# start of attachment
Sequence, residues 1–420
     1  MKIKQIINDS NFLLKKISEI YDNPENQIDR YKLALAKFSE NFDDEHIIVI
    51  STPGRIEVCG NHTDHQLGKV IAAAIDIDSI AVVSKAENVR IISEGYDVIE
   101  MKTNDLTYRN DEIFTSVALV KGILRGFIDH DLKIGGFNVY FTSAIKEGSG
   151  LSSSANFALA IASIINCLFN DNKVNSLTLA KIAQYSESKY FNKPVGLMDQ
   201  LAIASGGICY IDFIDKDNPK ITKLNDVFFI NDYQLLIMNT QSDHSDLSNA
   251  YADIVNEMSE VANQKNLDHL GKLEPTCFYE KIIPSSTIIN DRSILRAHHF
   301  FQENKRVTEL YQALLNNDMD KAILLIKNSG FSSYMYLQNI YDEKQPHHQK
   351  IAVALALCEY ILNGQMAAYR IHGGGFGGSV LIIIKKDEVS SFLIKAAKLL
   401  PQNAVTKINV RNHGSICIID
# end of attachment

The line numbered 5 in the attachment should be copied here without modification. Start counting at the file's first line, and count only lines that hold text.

   151  LSSSANFALA IASIINCLFN DNKVNSLTLA KIAQYSESKY FNKPVGLMDQ